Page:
A mother pushing her child in a stroller in downtown El Paso was struck by an errant bullet fired during a shootout between Mexican police and car-jacking suspects just across the border in violence-ridden Ciudad Juarez, according to El Paso police officials.
Forty-eight-year-old Maria Romero has been treated and released from El Paso's University Medical Center, but authorities continue to investigate the rare cross-border shooting. Her child was unharmed.
Romero, a Mexican citizen, is a legal U.S. immigrant and did not even hear the bursts of assault rifle fire across the border, according to a statement by the El Paso police department. But others did, calling 911 earlier and alerting them to the gun battle apparently taking place on the Mexican side of the border, according to El Paso police Sgt. Chris Mears.
Romero had been walking in downtown El Paso on Overland Ave., a busy shopping district lined with jewelry and western wear stores, when she was hit. There is no line of sight to Mexico. So how did she get shot? "The entry and exit of the bullet shows a high trajectory shot," said Sgt. Mears, meaning that the bullet was likely fired upwards by either the Mexican police or the gunmen, and happened to loop back down right into Romero's calf.
It was a freak shot, said Mears, who added that "no one in the department can remember this ever happening before." It is certainly the first such incident since the Mexican government's struggle to control the drug trade, which has claimed well over 50,000 Mexican lives, erupted into full-blown war.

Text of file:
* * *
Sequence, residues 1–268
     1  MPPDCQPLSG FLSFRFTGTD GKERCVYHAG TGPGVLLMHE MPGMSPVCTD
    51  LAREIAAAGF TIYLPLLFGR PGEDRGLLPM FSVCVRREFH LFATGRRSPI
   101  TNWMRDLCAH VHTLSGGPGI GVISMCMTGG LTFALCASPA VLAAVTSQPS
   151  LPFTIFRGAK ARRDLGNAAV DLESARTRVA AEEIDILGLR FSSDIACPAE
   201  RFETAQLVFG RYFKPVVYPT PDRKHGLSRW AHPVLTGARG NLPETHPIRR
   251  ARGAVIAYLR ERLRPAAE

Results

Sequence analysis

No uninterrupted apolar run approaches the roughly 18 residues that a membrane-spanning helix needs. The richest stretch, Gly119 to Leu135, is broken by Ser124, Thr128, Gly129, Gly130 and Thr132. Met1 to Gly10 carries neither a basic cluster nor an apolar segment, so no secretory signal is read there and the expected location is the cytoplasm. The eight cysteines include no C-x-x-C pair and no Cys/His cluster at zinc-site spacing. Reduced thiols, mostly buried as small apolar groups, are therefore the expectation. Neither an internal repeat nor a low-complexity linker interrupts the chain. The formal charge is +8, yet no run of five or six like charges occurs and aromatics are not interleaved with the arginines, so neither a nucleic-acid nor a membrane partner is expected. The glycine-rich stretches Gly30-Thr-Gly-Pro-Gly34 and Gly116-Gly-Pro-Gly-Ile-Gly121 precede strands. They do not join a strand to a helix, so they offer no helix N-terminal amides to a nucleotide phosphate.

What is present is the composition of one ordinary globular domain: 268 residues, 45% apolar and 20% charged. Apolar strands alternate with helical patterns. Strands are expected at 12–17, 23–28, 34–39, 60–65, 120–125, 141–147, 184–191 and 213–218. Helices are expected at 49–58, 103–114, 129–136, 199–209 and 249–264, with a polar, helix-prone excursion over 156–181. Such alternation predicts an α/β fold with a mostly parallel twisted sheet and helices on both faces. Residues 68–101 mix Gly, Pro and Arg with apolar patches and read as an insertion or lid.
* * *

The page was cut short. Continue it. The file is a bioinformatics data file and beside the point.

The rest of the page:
In 2008, Mexico's powerful Sinaloa cartel took on Juarez cartel rivals over turf, littering the city of low-wage export assembly plants with its daily toll of gunshot victims and mutilated corpses.
But rounds fired in Mexico's drug war next door have previously struck buildings in the Texas border city.
Two years ago, bullets fired in a gunfight between a suspected drug gang and Mexican authorities struck City Hall, smashing a window. Rounds have also struck a building at the University of Texas at El Paso campus, although no injuries were reported.
Politicians in the United States have voiced fears of possible spillover violence from Mexico, although El Paso, a sprawling southwest Texas city of 700,000 residents, was named the safest city of its size in the United States for the first time two years ago.
In fact, statistics show El Paso has a murder rate 26 times lower than another American border town: Buffalo, New York.
And Mayor John Cook said that violence in Ciudad Juarez and other Mexican border cities has been declining. "It's unfortunate that a carjacking like this is going to get national attention when Mexico is actually doing a pretty good job controlling the violence," Cook said.
He said there is no indication that Tuesday's incident was cartel-related.
The ordeal prompted two elementary schools and a middle school near the border to be locked down for half an hour, according to El Paso Independent School District spokeswoman Renee De Santos.
Reuters contributed to this report.